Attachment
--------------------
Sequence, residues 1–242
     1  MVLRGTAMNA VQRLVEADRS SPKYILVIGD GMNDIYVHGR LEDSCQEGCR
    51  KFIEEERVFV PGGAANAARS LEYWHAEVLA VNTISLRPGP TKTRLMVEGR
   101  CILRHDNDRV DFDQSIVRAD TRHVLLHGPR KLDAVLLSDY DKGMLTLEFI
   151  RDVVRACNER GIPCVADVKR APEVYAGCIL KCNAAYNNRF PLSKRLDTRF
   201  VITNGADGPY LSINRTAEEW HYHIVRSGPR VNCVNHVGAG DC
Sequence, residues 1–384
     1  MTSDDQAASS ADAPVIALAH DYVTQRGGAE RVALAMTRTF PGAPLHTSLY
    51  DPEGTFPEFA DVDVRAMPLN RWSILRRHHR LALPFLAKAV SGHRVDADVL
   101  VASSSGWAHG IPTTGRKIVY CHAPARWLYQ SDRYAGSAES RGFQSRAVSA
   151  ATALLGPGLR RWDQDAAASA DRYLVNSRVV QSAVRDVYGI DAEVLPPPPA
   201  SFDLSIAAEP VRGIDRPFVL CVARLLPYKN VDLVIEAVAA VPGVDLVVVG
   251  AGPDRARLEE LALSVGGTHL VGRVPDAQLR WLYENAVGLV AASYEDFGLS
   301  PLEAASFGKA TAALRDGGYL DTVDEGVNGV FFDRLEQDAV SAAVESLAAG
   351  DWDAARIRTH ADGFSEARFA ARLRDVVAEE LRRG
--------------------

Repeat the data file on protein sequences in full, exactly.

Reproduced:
Sequence, residues 1–242
     1  MVLRGTAMNA VQRLVEADRS SPKYILVIGD GMNDIYVHGR LEDSCQEGCR
    51  KFIEEERVFV PGGAANAARS LEYWHAEVLA VNTISLRPGP TKTRLMVEGR
   101  CILRHDNDRV DFDQSIVRAD TRHVLLHGPR KLDAVLLSDY DKGMLTLEFI
   151  RDVVRACNER GIPCVADVKR APEVYAGCIL KCNAAYNNRF PLSKRLDTRF
   201  VITNGADGPY LSINRTAEEW HYHIVRSGPR VNCVNHVGAG DC
Sequence, residues 1–384
     1  MTSDDQAASS ADAPVIALAH DYVTQRGGAE RVALAMTRTF PGAPLHTSLY
    51  DPEGTFPEFA DVDVRAMPLN RWSILRRHHR LALPFLAKAV SGHRVDADVL
   101  VASSSGWAHG IPTTGRKIVY CHAPARWLYQ SDRYAGSAES RGFQSRAVSA
   151  ATALLGPGLR RWDQDAAASA DRYLVNSRVV QSAVRDVYGI DAEVLPPPPA
   201  SFDLSIAAEP VRGIDRPFVL CVARLLPYKN VDLVIEAVAA VPGVDLVVVG
   251  AGPDRARLEE LALSVGGTHL VGRVPDAQLR WLYENAVGLV AASYEDFGLS
   301  PLEAASFGKA TAALRDGGYL DTVDEGVNGV FFDRLEQDAV SAAVESLAAG
   351  DWDAARIRTH ADGFSEARFA ARLRDVVAEE LRRG